|Description: A sepia coloured postcard showing an unidentified man travelling on a road on a horse and buggy. Behind the buggy is a small metal bridge. There are also a number of buildings seen in the background. Marked on the bottom right corner is the following "Pretty View Churchville Ont," in white letters. The postcard has a 1 cm white border that surrounds the image. The back is marked with "Post Card" at the top and is divided into two sections; the left side reads "Correspondence Here" and the right side reads "For Address Only." A handwritten note that, written on the side, reads "many times I have run over this bridge as a child." |
Items used by members of the donor's family, the Simpsons.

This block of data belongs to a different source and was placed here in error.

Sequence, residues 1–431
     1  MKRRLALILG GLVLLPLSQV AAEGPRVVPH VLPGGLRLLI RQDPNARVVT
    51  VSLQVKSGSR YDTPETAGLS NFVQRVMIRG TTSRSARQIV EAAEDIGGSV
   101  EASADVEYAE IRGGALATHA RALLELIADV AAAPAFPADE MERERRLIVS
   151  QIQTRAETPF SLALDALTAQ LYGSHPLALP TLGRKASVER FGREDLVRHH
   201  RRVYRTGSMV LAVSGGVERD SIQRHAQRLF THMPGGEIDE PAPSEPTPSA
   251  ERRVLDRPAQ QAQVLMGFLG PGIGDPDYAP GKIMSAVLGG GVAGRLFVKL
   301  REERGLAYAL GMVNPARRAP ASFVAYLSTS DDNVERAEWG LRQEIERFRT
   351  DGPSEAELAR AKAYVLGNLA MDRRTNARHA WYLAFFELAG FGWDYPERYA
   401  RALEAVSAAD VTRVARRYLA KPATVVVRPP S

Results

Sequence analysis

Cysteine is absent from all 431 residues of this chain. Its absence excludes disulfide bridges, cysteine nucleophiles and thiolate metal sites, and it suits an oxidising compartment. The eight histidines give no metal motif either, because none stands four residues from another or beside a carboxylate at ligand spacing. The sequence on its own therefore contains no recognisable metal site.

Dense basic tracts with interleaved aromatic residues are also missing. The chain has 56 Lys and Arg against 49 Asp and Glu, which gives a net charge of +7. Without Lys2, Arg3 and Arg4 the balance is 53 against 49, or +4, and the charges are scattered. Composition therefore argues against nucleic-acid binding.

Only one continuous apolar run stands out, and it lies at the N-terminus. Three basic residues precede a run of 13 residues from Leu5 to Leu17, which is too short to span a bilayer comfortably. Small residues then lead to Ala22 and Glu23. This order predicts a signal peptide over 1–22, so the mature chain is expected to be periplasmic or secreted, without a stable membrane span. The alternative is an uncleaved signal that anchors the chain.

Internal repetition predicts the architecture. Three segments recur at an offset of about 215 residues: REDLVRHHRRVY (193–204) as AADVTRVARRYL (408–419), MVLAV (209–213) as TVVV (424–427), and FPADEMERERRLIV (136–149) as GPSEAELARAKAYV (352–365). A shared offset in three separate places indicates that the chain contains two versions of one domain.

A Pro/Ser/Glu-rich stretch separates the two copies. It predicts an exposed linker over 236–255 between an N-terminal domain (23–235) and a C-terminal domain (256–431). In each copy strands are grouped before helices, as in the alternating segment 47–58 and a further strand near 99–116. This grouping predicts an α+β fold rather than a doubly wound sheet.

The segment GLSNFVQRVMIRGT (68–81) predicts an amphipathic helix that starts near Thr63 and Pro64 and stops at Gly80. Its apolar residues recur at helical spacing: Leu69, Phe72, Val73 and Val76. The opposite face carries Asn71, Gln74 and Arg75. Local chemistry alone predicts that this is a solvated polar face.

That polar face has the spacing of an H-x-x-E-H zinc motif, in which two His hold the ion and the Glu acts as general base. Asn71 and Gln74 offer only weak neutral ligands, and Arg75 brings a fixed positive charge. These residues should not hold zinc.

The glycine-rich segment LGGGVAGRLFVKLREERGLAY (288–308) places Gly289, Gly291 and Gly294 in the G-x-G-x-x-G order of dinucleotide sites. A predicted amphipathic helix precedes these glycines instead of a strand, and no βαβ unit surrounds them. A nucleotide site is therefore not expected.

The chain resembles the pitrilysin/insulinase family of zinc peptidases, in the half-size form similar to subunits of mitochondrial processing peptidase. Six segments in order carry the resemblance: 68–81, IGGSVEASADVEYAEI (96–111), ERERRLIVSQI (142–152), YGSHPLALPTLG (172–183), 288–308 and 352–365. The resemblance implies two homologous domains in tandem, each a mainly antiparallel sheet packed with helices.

The postcard was patented by John P. Charlton in Philadelphia in 1861 and became popular as an easy way to send short notes or letters. The United States Postal Service held a monopoly over postcards until 1898 when it allowed private companies to print such cards but only under the name of "souvenir cards." Postcards became especially popular after the World's Columbian Exposition held in Chicago in 1893 where cards featuring pictures of the fair's buildings were distributed. After the turn of the twentieth century, various styles of postcards were printed for example, the "divided back" card, where there was place on the left side of the back for the message and the right side for the address. In terms of postcard pictures, controversies arose at times over the nature of the images. In Britain during the 1930s, for example "saucy" cards containing innuendos and double entendres were widely common until the government began to prohibit their printing. After the 1950s, especially, "chrome" card dominated, with their glossy print images, which are highly recognizable today.
For more information see http://en.wikipedia.org/wiki/Postcard.